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Direct consequences?

Freedom of the press in Hong Kong has come under heavy pressure in recent years, Butler said, adding that journalists covering protests in the city have been targeted by police.

In 2018, he was the editor of News of the Financial Times Asia Victor Mallet denied routine visa extension, a few months after moderating a discussion at the Foreign Correspondents Club, attended by an independence activist.

For journalists who are Hong Kong citizens, the consequences of violating the new law could be dire. They can be tried behind closed doors and sentenced to life in prison. Those found guilty of participating in or aiding and abetting crimes can also face up to three to 10 years in prison.

The Hong Kong authorities have not provided any details on how the new media management executive committee will affect foreign journalists, who – unlike their counterparts in mainland China – do not require special journalist visas.

China has once again faced the US with new media restrictions as tensions rise
These visas for foreign reporters in mainland China come under strict scrutiny, and the government has had in the past expelled journalists, including a dozen recently from the New York Times, the Wall Street Journal and the Washington Post.

Then there are the sources and conversations, many of which are likely to be talk even more cautiously with the media – something journalists in mainland China are already struggling with, said Richardson of HRW.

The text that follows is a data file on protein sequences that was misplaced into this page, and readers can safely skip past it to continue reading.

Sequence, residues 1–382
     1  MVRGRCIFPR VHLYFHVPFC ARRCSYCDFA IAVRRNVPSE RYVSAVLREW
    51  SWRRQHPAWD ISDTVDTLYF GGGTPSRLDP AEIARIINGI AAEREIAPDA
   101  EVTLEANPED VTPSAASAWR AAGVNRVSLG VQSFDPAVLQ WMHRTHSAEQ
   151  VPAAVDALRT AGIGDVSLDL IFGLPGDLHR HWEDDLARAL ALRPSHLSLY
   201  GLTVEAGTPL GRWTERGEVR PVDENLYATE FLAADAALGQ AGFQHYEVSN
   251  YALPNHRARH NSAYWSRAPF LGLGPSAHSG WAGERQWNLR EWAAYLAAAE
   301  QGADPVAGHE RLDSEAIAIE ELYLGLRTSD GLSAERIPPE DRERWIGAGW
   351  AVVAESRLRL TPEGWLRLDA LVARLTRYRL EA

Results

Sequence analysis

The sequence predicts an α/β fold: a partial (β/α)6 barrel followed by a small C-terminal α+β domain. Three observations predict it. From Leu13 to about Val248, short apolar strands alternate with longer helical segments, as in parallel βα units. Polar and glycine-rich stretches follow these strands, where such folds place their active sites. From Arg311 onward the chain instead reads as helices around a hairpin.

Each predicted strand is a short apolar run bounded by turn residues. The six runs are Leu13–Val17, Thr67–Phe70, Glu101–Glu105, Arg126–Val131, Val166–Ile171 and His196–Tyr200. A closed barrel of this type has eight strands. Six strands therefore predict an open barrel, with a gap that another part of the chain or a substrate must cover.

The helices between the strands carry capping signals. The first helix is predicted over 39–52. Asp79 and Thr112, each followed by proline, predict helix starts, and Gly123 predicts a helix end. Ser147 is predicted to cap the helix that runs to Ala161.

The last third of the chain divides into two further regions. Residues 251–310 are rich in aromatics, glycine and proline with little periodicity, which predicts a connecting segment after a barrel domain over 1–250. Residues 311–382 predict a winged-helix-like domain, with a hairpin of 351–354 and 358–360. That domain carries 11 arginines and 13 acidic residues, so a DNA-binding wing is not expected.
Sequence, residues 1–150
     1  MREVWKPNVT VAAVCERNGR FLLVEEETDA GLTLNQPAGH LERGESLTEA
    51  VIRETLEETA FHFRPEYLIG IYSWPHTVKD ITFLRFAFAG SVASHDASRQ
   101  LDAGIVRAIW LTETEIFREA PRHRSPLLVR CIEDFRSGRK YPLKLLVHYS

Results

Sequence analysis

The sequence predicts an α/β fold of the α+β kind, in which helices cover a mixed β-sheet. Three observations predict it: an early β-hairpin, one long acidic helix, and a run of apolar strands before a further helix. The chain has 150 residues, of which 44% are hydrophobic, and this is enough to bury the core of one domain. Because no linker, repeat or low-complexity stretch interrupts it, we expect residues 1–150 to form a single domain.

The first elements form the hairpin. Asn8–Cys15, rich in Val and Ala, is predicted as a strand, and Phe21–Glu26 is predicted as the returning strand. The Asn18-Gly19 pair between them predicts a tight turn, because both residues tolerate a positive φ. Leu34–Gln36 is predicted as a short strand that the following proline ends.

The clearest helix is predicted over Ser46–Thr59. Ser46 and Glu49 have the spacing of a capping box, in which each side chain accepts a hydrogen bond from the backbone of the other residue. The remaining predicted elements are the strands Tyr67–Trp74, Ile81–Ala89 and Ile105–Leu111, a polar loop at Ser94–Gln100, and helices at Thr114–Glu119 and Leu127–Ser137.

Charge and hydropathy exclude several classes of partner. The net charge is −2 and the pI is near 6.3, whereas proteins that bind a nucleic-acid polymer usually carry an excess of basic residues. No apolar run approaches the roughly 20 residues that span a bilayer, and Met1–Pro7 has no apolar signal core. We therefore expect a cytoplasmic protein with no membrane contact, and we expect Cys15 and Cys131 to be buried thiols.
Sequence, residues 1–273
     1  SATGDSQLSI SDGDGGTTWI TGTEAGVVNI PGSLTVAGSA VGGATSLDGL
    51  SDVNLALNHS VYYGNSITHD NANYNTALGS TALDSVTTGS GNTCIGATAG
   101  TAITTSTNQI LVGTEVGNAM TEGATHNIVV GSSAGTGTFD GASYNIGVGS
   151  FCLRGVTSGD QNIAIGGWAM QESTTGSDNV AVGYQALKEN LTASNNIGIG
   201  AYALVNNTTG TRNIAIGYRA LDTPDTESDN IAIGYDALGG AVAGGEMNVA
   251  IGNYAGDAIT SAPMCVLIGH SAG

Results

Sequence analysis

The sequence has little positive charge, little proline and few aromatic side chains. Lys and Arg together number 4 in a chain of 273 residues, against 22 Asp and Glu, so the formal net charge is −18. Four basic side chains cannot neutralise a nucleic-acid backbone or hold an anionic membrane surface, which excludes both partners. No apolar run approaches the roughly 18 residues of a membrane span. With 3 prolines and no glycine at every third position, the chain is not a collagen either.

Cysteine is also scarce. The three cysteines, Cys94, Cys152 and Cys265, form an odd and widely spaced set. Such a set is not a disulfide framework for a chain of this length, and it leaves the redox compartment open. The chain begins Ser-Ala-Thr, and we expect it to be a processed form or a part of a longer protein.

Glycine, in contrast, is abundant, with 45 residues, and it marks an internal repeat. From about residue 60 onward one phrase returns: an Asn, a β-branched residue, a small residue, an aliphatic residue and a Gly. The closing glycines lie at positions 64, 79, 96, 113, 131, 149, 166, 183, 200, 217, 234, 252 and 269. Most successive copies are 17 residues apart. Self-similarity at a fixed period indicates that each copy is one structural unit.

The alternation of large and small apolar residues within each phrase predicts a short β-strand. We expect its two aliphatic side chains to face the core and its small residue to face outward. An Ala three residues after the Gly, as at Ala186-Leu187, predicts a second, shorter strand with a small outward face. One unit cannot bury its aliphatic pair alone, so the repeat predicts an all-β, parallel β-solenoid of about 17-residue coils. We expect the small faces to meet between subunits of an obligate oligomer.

Butler told the CPJ in recent days that sources and respondents had already asked reporters to delete previous articles or communications with sources that could be viewed as suspicious.

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CNN, which has a large office in the city, spoke to sources who expressed reluctance to participate in the interviews. Within hours of passing the bill, sources demanded that past WhatsApp chats be deleted and expressed caution over citations in articles on the law.

“Test” cases are pending

Butler and Richardson said it was only a matter of time before there would be a “test case” where the journalist would be tried under the new law.

“I will not be surprised if some journalists stop being accused under this law at some point in the not-so-distant future,” Richardson said.

For now, journalistic organizations and advocates of press freedom can only try to lobby the Hong Kong government.

Security law could hurt Hong Kong as a global business hub

“Hong Kong has been a leader in supporting free press rights in Asia for decades, and it’s important that it continues, especially given the treatment of members of the independent press within mainland China and the global nature of the coronavirus. Pandemic,” a New York Times spokesman told CNN Business, adding that he is carefully monitoring the situation.

Butler said he hopes Hong Kong’s status as a financial center and an important Asian gateway for Western companies will protect its press freedoms.

“You can’t have an international financial center without freedom of speech and press,” he said.

– Jessie Yeung, Ivan Watson and James Griffiths contributed to this article.